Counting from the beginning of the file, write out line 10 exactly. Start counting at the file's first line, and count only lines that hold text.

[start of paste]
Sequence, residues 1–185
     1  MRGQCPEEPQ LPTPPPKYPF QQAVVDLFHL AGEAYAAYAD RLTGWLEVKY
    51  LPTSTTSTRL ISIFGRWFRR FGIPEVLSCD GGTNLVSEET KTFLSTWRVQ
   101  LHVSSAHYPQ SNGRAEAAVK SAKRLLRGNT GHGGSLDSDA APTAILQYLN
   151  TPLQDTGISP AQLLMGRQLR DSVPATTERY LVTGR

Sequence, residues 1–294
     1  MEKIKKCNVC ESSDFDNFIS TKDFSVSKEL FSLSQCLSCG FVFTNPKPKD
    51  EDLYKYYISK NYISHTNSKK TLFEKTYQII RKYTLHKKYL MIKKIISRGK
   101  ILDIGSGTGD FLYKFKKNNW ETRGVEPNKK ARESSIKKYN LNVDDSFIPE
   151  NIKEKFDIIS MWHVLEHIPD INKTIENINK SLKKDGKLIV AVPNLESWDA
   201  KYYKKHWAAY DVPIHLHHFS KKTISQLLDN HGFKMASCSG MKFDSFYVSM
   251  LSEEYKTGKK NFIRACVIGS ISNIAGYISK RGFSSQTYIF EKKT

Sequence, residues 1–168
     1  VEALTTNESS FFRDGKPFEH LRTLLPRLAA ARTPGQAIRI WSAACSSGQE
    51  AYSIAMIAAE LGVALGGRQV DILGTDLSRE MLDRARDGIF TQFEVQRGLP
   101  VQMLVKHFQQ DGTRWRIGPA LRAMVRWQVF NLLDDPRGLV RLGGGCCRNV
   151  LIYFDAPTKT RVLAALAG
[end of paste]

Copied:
   151  NIKEKFDIIS MWHVLEHIPD INKTIENINK SLKKDGKLIV AVPNLESWDA